How To Store A Chainsaw

When you first bought that chainsaw, you probably didn’t think much about how you wanted to store it. In fact, most people don’t.

You are more likely to think about what you are using it for, rather than how you are going to keep it safe.

Whether the chainsaw cost you a few dollars secondhand, or you spent some of your savings to afford it, you will want to make sure that you store it well to prolong its life.

How To Store A Chainsaw?

If you haven’t bought it yet, then you best read this article first!

And if you already store your chainsaw pretty darn well, then there is nothing wrong with brushing up on your knowledge and perhaps learning something new about it.

Making sure it is stored properly means that it will last longer.

In fact, you could see it working even in 20 years time, compared to a couple of years if you don’t store it very well.

Because they are expensive, it is not surprising that you will want to keep it in good condition.

With all this in mind, let’s take a look at how to store a chainsaw properly.

How To Store Your Chainsaw

If you take looking after your chainsaw seriously, then you will want to know how to store it properly.

Below we shall be looking at a step-by-step guide on how to do so, because it is also about the prep beforehand.

Do keep in mind that this is how to store a chainsaw that uses fuel. Now that’s out of the way, let’s take a look at how to do it!

Step 1 – Make Sure There Is Ventilation And Drain Well

Before you begin, you will want to make sure that where you are is in a highly ventilated area.

Because you are about to drain the carburetor, it is a must!

Draining it stops the carburetor diaphragms sticking together, so if you want to make sure this doesn’t happen, drain it!

Now that has been taken care of, you will need to drain away all the fuel. This is the biggest reason you will need ventilation.

Step 2 – Remove The Guide Bar And Chain

Once the fuel has been successfully drained, it is time to remove the guide bar and chain.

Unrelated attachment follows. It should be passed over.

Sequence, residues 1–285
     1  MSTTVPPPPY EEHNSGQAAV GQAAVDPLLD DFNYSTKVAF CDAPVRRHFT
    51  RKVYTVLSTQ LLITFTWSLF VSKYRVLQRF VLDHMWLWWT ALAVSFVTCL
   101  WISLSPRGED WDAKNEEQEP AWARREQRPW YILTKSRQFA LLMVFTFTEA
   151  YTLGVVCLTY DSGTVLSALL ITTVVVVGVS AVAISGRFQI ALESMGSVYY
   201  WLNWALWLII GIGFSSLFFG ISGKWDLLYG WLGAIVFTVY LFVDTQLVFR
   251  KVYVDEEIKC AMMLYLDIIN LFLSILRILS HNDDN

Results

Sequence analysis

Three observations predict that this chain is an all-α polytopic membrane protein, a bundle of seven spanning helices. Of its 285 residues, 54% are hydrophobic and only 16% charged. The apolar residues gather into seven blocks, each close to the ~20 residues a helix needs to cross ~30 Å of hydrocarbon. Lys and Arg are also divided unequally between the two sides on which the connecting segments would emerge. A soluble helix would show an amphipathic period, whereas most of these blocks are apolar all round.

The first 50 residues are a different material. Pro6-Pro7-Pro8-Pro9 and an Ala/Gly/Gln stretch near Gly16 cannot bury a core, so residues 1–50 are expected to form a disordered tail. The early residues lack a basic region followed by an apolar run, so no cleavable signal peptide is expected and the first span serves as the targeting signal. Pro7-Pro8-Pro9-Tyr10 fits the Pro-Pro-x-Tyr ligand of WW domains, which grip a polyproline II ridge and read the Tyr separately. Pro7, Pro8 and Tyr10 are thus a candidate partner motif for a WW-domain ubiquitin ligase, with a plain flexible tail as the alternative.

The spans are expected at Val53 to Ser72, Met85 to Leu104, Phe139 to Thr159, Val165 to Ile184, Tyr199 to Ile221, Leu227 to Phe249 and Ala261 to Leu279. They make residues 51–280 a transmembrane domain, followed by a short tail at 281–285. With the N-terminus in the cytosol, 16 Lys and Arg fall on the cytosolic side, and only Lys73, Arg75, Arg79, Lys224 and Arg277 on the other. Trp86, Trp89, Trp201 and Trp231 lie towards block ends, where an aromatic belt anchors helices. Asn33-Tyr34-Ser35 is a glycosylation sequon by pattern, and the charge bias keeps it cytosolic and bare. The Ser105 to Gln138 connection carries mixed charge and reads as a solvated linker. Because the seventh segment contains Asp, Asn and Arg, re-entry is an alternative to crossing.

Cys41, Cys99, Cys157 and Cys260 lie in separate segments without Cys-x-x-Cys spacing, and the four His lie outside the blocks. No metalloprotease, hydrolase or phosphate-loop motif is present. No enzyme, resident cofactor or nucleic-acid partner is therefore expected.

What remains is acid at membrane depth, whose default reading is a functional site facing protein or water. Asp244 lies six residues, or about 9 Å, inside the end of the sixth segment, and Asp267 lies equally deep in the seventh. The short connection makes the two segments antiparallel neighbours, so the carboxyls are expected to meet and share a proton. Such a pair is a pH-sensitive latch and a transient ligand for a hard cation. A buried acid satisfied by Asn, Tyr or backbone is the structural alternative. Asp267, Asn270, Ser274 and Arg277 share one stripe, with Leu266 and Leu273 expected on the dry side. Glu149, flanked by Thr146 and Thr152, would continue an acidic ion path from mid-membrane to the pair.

Firstly, remove the chain, and follow this by removing the guide bar.

Once that job is done, clean the chain, bar and drive gears. Make sure to remove any bit of grime and wood chips that you can see.

A brush and some hot soapy water will do the trick. Just make sure to handle it carefully to avoid any damage to the chainsaw or yourself.

Step 3 – Putting The Chain And Bar Guide Back

You can keep the chain and bar guide off if you would like, just make sure to coat them with some form of oil to protect them.

However, if you don’t want to store them separately, then it is time to put the guide bar and chain back to where it was.

Make sure to adjust how the chain sits so it can snap back into its rightful place once you pull at it.

Once this job is done, add some oil to protect both the chain and the bar during the time it will not be used.

Step 4 – Check The Chainsaw’s Manual

Step 4 - Check The Chainsaw’s Manual

You will want to find the best way to clean the air breather, and the way to do this is to look at the owner’s manual for your type of chainsaw.

If you don’t have it anymore (which you should) then consider looking online to see if you can find it.

Cleaning the air breather can vary depending on the make of chainsaw you own, however, the majority can be cleaned using hot and soapy water, followed by a blow-dry.

You can also let it air dry, but this might take quite a bit of time to do. So whatever suits your time constraints is the option to go for.

Step 5 – Removing The Spark Plugs

This is an optional step, and one that may be far too advanced for a beginner, and that’s removing or changing the spark plugs.

You might even just need to replace them.

When you remove them, add one to 2 teaspoons of oil cycle engine oil into the spark plug’s opening.

It is also a really good time to inspect it. If there is damage, then you could think about getting them fixed or changed completely.

Step 6 – Clean The Air Filter

Once you take a look at the air filter, decide whether it needs replacing or just a cleaning.

If it needs replacing, then look at it getting replaced. If it needs cleaning, then read on.

To put it simply, you will need a screwdriver to get to the air filter, and warm and soapy water to clean it.

If unsure, take a look at the owner’s manual to find out more.

Step 7 – Tighten Screws

Now that you have finished all of the above, take your time to tighten the bolts and screws of the chainsaw.

If they all seem good, then move to the next and final step.

Step 8 – Storing The Chainsaw

Now that it is ready to be stored, you can think about putting it away in a protective case away from sunlight and children, and in an area that is completely dry.

Final Thoughts

When it comes to storing a chainsaw, you need to think about the prep that leads up to it.

Whilst you might want to put a chainsaw away as is, you’ve got to remember that it has been used.

Because of this it will be full of grime and wood chips. This is bad news for a stored chainsaw.

The added dirt and debris can actually shorten the light of your chainsaw. To store it well and properly, consider cleaning it first.

If you have enjoyed this article, then take a look at the rest of our website for information on chainsaws.

Check out our guide on How to sharpen a chainsaw

About the Author David Vieria

David has been a woodworker for most of his life — in his dad’s cabinet shop. After using the tools himself, he decided to share it his woodworking and power tools knowledge with DIYers. Read more about him

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